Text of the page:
But when the vote results started to pour in and a stunning comeback was suddenly in the making by Ms. Clark, who had led her party back after trailing the NDP by 20 points at the start of the campaign in mid-April.

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Word of a Liberal majority set party members cheering, whooping and clapping in the ballroom where supporters had gathered.

"I'm trying to mask my joy right now . . . but I am very happy," said former federal cabinet minister Stockwell Day, who has taken up the cause of the provincial Liberals.

"This will lead in the history of reversals," he said.

Former B.C. Finance Minister Colin Hansen said the party always assumed it would be able to close the gap with the NDP.

Mr. Hansen said Ms. Clark had run an "incredible" campaign because she focused relentlessly on economic growth and was engaging with voters.

"That is her real strength. She is a great campaigner and she has proven that over the last four weeks," he said.

Liberal candidate Sam Sullivan, a former Vancouver mayor, seemed shaken by the unexpected victory.

"Over the past 24 hours I have gone through the five stages of mourning ... I was angry, I negotiated, I tried to bargain my way and eventually I came to a really unhappy acceptance of the death of our political vision and I woke up and somebody had risen from the dead. What a miracle," said Mr. Sullivan, who won in Vancouver-False Creek.

He said the Liberals won because of Ms. Clark.

"She got so much respect from people; she just kept on that message, kept pushing her vision and people eventually came around to cut through all the trivia that was being floated around and get to the real issue: do we want a secure future, a strong economy and do we want to tackle the debt?" he said.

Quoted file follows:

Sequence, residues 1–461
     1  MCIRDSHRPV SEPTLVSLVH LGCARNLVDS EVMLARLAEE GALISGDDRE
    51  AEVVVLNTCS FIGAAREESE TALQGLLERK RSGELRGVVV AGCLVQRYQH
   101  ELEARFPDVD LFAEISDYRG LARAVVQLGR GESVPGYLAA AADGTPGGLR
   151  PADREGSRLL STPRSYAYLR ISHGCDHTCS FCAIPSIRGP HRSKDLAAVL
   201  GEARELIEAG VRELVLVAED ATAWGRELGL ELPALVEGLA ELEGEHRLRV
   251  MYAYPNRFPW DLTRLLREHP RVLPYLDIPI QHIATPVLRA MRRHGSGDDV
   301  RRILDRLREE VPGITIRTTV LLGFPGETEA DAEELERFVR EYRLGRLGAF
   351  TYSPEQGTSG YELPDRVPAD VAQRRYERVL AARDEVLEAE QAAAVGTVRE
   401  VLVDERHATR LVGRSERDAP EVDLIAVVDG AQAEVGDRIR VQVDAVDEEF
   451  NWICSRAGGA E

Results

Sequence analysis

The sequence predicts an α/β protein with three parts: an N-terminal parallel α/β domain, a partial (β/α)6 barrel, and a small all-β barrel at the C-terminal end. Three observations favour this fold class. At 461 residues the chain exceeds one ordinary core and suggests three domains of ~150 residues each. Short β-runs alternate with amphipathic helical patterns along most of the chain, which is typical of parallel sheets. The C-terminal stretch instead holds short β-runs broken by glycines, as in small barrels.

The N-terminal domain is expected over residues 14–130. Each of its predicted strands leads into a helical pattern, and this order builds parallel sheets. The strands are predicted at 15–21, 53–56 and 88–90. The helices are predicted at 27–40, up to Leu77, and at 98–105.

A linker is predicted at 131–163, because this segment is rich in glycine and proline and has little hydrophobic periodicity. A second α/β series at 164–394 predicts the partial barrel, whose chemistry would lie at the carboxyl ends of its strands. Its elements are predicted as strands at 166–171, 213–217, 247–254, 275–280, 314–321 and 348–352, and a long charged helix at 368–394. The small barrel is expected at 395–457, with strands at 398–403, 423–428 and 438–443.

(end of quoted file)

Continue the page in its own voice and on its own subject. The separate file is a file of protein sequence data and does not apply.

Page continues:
Mr. Dix, who at times in this election seemed nervous and unsure of himself, on the final day swept across B.C. in an impressive display of logistics and endurance. In 24 hours he traveled 1,700 kilometres and visited 13 communities. But in the end, even that marathon performance wasn't enough.

Meanwhile, the Conservative vote seemed to collapse completely and even leader John Cummings failed to win his seat.

With reports from Marsha Lederman and Rod Mickleburgh

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About the Authors
National correspondent

Mark Hume is a National Correspondent for The Globe and Mail, based in Vancouver, writing news and feature stories on a daily basis about his home province of British Columbia. His weekly column, which often challenges the orthodoxy on environmental issues, appears every Monday. More

B.C. reporter

Ian Bailey is a Vancouver-based reporter for The Globe and Mail.  He covers politics and general news. Prior to arriving at The Globe and Mail, he reported from Toronto and St. John’s for The Canadian Press.  He has also covered British Columbia for CP, The National Post and The Province. More

B.C. politics reporter

Based in the press gallery of the B.C. Legislature in Victoria, Justine has followed the ups and downs of B.C. premiers since 1988. She has also worked as a business reporter and on Parliament Hill covering national politics. More